At the start of the year there were a lot of grim predictions by many economists and experts suggesting the property market would collapse. But most of the property pessimists have now changed their mind.
Despite going into recession with rising unemployment, Australia has survived the Covid-19 pandemic better than many other countries. Our property market has remained quite resilient.
The 2020 budget, with its strong focus on creating employment and increasing consumer confidence, has provided an encouraging outlook for the economy and the Australian property market. Furthermore, the bringing forward of tax cuts will increase the borrowing capacity and housing affordability for many home buyers. Also, the near zero interest rates with the outlook for rates to remain low for several years is good for borrowers, although not so great for savers.
Additionally, the announcement by the treasurer to make borrowing easier and more efficient for everyday Australians by loosening lending restrictions will free up credit and further underpin the property market. Because what gives property its market value depends on two factors:
1) what people are prepared to pay for it, and more importantly
2) what they are able to pay for it
What they are able to pay comes down to their ability to obtain credit. Being able to borrow more when looking to buy property will eventually push prices up.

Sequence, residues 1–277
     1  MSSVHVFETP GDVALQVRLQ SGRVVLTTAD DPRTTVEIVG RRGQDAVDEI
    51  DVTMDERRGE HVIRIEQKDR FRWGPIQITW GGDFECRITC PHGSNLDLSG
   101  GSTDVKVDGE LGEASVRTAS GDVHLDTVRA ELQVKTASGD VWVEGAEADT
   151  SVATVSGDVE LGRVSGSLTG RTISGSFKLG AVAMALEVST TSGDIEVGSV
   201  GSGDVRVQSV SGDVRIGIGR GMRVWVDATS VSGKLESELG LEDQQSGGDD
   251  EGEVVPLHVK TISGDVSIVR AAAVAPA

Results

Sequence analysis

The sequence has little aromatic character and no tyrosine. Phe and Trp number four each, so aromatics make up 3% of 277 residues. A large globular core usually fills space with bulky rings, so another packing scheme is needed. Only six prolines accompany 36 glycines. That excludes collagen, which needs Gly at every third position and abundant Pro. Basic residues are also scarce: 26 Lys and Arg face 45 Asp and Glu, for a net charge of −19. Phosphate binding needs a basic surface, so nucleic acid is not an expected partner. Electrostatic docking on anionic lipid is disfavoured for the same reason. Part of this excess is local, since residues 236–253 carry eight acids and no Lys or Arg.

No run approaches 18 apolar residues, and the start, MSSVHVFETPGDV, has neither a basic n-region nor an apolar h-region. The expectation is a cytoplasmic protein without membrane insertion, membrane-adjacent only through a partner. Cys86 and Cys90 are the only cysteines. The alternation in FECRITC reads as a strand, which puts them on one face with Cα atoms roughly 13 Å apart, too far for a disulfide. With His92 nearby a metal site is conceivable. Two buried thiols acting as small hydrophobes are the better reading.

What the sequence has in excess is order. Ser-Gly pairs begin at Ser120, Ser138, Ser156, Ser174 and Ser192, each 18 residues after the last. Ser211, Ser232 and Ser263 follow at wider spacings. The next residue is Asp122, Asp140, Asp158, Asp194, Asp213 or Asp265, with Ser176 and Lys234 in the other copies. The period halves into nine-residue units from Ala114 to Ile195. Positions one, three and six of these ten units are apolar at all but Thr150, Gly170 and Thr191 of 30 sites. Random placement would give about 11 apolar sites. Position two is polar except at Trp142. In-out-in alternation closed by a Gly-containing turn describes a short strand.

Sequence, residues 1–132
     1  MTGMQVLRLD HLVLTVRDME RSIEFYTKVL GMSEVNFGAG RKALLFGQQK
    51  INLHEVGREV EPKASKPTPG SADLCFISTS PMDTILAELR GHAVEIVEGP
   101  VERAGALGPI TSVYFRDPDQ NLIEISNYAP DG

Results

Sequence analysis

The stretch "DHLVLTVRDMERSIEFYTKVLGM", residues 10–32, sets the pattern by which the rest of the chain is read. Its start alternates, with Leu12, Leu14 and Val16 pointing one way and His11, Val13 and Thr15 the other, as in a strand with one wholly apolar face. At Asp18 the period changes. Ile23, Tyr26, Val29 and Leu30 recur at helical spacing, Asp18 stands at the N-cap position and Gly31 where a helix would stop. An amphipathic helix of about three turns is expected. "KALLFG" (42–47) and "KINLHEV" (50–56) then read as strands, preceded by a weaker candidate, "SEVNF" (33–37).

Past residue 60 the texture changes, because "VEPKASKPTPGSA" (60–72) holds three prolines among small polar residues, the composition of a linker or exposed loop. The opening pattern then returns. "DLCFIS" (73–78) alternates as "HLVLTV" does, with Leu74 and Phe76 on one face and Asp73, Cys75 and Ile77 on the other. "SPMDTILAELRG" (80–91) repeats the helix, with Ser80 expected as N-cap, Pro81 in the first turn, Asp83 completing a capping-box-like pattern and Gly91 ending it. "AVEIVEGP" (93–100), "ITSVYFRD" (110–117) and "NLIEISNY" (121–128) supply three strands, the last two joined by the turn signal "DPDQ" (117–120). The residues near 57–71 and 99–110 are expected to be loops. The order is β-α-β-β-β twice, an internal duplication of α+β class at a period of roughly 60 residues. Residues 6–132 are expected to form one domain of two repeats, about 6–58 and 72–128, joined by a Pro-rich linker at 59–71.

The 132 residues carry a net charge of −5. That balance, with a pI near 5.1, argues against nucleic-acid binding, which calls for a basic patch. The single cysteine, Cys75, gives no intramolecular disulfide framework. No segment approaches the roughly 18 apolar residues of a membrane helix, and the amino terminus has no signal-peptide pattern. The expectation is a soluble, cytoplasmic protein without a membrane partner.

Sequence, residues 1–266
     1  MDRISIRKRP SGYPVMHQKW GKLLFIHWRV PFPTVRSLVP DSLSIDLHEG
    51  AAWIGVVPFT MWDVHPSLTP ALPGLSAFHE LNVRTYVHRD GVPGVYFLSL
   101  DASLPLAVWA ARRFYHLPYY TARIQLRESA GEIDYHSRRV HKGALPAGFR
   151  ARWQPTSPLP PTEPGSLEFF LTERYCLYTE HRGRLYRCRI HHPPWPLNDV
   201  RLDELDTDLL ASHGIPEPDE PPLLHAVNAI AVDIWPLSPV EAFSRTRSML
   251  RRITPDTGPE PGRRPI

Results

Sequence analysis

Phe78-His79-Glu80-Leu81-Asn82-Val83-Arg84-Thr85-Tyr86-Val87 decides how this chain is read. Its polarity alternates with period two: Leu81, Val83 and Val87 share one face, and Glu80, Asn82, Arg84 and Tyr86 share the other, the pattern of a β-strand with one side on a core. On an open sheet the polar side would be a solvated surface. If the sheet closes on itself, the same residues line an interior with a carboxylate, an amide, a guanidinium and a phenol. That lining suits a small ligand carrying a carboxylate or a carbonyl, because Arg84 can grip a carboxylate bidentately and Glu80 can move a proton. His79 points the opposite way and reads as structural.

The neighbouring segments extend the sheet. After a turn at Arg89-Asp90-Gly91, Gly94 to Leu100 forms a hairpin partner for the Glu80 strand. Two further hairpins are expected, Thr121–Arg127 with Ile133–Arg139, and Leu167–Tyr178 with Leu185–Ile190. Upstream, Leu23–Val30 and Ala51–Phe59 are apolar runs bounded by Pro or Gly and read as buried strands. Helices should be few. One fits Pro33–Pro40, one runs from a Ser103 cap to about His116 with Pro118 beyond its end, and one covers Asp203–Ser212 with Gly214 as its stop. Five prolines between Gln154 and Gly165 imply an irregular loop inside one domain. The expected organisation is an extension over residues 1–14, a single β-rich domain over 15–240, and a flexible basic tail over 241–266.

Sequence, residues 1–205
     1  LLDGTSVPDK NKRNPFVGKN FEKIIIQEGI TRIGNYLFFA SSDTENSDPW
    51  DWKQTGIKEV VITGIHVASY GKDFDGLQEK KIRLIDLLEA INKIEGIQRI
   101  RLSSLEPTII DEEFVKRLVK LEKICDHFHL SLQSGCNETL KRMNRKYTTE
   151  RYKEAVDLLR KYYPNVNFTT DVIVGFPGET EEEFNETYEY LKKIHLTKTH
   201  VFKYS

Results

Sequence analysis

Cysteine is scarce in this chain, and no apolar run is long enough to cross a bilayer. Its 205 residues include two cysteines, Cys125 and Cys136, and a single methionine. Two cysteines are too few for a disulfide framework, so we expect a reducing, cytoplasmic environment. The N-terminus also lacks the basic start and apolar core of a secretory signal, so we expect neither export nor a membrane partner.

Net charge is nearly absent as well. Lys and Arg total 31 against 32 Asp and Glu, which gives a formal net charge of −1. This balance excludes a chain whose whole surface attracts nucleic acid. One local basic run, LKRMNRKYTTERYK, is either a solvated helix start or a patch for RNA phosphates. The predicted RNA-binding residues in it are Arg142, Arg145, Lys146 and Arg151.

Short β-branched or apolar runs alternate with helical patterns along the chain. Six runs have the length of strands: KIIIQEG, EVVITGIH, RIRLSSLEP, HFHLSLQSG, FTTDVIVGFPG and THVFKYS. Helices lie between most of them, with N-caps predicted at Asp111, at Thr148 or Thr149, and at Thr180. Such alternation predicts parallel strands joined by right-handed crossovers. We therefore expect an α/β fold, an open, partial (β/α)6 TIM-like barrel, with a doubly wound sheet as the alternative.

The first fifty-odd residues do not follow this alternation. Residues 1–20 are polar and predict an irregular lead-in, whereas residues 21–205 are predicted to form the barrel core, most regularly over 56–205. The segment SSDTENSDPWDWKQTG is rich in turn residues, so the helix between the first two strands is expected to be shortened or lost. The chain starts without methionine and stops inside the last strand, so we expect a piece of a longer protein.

Moreover, the tax and job incentives announced in the budget are designed to boost our economy by giving taxpayers more money, but these will only work if people are willing to spend it. That is why the recent rebound in consumer sentiment in the October figures is a good sign that confidence will return to the market quicker than expected.
The latest CBA economics report says the evidence continues to mount that Australia’s housing market is going to come through the Covid-19 pandemic largely unscathed. The Westpac consumer survey also reveals a strong uplift in consumer confidence.
Apart from confidence, easier credit and lower interest rates are two important drivers of the property market, but what is even more necessary for property price increases, is population growth. Population growth boosts economic activity and demand for property.
This means long term prices cannot rise substantially until we get immigration pumping again. It may take two or three years before we get back to the levels of migration we were at prior to Covid-19. But Australia remains attractive and is seen as a safe place to immigrate to, especially compared to the USA or the UK.